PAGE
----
The kea, a crow-sized parrot from the rugged mountains of New Zealand, is considered
by some a playful comic and by others a menace to property and a killer of livestock.
Its true character has been debated by biologists for more than a century. Through
the University of California Press, Judy Diamond and Alan Bond have published the
first comprehensive account of the kea's contradictory nature. Their conclusions cast
new light on the origins of behavioral flexibility and the problem of species survival
in human environments everywhere.
New Zealand's geographical isolation has made the country home to a remarkable assemblage
of plants and animals that are wholly unlike anything found elsewhere. Keas are native only
to the South Island, breeding high in the unforgiving environment of the Southern Alps.
Bold, curious, and ingeniously destructive, keas have a complex social system that
includes extensive play behavior and persisting associations between young birds. Like
coyotes, ravens, and humans, keas are "open-program" animals with a predisposition
to exploring novel situations and an unusual ability to develop new solutions to whatever
problems they encounter.
Diamond and Bond present the kea's story from historical and contemporary perspectives
and include observations and analyses from their years of field work. A comparison of the
kea's behavior and ecology with that of its closest relative -- the kaka of New Zealand's
lowland rain forests -- yields insights into the origins of the kea's extraordinary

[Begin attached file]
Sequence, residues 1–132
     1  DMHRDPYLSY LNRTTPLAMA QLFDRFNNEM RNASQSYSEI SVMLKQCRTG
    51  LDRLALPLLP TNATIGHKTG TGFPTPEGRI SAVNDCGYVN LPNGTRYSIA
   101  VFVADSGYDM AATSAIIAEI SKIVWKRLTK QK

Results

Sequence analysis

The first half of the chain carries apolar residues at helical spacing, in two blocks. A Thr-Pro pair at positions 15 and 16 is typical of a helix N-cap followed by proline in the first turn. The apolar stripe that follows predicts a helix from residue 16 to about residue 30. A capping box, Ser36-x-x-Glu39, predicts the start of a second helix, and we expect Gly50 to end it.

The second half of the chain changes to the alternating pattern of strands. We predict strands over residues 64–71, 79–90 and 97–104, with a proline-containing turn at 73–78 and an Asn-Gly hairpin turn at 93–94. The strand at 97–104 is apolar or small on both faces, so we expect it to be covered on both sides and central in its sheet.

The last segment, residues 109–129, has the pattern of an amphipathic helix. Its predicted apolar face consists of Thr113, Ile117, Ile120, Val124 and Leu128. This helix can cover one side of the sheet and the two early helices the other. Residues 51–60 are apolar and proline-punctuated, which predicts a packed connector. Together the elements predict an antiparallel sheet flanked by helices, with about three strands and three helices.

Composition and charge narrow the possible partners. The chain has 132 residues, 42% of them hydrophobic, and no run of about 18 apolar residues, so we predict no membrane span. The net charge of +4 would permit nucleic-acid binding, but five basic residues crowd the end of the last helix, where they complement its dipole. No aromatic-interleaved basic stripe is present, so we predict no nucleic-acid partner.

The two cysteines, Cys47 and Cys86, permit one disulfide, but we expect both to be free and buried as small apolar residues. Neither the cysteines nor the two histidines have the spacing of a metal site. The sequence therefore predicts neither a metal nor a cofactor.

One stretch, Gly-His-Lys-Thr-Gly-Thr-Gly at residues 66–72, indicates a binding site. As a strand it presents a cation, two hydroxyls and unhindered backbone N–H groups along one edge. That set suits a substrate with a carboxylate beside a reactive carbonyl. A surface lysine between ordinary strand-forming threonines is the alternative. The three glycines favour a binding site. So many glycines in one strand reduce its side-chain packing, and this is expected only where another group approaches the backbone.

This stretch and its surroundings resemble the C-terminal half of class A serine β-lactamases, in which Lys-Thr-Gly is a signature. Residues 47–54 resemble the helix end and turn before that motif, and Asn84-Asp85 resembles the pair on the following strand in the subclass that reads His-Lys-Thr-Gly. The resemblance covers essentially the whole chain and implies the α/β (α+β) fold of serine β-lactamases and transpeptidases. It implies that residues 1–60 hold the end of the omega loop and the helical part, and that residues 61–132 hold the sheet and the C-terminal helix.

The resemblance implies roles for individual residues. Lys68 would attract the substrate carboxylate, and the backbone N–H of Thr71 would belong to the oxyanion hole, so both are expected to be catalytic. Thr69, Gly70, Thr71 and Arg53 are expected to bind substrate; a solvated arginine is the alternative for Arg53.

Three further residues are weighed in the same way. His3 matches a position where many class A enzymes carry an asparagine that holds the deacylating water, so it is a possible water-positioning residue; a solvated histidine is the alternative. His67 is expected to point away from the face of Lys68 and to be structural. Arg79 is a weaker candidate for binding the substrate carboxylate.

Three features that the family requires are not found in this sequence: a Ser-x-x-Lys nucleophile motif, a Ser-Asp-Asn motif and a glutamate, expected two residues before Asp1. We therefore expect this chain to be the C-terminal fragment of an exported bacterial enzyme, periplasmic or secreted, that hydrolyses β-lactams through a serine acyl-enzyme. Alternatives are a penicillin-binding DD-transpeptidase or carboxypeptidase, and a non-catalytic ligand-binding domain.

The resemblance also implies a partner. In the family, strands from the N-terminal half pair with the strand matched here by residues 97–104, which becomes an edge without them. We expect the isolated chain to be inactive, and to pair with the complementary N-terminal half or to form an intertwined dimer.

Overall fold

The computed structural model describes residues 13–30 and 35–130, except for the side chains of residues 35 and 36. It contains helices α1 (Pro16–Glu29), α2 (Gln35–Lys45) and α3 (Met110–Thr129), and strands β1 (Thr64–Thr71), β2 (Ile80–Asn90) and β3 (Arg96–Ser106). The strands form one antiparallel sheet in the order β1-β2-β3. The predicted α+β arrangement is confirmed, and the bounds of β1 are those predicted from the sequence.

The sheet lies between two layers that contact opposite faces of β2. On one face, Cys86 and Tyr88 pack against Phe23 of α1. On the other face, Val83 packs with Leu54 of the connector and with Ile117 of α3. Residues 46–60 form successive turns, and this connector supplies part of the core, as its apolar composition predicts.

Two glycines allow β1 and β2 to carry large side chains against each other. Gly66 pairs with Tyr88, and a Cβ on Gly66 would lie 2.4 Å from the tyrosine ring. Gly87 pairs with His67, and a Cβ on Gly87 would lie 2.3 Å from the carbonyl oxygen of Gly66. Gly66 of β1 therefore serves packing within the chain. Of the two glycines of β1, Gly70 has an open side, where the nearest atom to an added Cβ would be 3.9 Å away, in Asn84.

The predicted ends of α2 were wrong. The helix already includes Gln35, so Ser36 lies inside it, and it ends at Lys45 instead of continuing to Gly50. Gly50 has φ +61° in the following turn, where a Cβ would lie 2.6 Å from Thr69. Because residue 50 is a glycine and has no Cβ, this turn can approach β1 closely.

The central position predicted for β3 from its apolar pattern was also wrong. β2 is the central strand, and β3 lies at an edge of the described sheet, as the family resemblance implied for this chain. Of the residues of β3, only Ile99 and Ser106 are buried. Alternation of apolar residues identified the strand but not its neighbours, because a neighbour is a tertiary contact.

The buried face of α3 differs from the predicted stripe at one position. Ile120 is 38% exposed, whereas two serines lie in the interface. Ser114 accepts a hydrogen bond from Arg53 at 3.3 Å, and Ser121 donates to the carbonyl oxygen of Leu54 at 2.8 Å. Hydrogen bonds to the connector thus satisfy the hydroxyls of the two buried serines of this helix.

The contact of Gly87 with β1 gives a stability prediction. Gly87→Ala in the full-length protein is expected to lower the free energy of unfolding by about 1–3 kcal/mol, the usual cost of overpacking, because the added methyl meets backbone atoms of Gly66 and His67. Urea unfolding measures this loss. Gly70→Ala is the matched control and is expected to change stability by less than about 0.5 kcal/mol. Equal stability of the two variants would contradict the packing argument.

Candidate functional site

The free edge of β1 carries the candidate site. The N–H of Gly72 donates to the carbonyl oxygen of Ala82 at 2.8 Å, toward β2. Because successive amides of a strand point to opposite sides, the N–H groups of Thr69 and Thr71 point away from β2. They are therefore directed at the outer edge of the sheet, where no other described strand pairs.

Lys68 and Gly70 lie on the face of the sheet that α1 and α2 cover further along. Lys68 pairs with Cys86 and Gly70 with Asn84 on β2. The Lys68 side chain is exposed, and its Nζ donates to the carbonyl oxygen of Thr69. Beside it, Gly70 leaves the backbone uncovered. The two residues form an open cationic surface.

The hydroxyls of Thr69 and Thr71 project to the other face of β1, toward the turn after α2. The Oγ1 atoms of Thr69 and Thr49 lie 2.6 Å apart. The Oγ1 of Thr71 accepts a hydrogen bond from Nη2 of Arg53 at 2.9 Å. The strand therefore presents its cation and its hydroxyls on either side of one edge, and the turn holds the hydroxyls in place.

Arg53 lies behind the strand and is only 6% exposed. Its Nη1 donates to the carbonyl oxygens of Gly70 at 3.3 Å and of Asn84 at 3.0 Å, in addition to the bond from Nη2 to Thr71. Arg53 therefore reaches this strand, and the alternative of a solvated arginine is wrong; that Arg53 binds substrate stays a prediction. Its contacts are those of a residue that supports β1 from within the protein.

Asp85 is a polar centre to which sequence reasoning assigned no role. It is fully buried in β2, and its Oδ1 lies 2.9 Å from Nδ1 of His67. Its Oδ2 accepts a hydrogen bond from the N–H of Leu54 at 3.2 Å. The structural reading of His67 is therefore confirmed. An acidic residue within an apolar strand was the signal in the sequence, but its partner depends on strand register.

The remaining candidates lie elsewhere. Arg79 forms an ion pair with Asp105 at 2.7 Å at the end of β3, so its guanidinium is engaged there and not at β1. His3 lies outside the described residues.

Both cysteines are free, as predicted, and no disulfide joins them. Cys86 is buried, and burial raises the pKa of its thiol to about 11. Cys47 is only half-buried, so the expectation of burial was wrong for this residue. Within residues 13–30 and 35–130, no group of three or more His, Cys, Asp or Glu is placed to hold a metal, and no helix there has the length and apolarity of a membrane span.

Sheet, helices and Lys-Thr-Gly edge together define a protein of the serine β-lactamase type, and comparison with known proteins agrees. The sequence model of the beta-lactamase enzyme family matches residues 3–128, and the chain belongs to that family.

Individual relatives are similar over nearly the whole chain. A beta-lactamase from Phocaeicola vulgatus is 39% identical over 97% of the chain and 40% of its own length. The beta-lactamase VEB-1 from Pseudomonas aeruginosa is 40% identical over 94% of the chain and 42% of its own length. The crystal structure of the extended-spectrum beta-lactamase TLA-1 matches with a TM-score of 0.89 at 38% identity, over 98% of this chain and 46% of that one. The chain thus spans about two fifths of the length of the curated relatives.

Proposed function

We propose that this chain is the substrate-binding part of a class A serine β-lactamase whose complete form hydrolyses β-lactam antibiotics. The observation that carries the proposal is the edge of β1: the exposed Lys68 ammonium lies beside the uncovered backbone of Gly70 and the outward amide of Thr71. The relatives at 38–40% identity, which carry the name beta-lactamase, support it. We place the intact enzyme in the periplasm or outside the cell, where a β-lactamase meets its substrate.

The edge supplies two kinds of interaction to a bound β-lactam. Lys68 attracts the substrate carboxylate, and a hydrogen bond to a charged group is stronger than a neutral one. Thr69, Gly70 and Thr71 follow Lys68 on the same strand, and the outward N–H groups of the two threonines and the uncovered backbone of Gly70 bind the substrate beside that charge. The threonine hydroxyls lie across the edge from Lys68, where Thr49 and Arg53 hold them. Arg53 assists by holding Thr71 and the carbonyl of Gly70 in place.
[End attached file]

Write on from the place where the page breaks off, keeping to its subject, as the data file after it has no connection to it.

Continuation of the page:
adaptability. The authors conclude that the kea's high level of sociality is a central element
in their flexible lifestyle, one that may have evolved in response to the unreliable food
resources in their alpine habitat. Flexibility has allowed the birds to survive massive
changes in their original ecosystem. But adaptation has limits, as the authors make clear
when describing present-day interactions between keas and humans and attempts to achieve
a peaceful coexistence.
Since Bird of Paradox was published in 1999, experimental behavioral work on keas,
in both the lab and the field, has greatly expanded. Keas are now one of the most commonly
studied large parrots, especially with regard to physical cognition, problem solving, and
social learning. Their popularity has, coincidentally, made this monograph something of a
classic in its genre. As of 2016, it had been cited in nearly 100 peer-reviewed publications
in a burgeoning kea literature.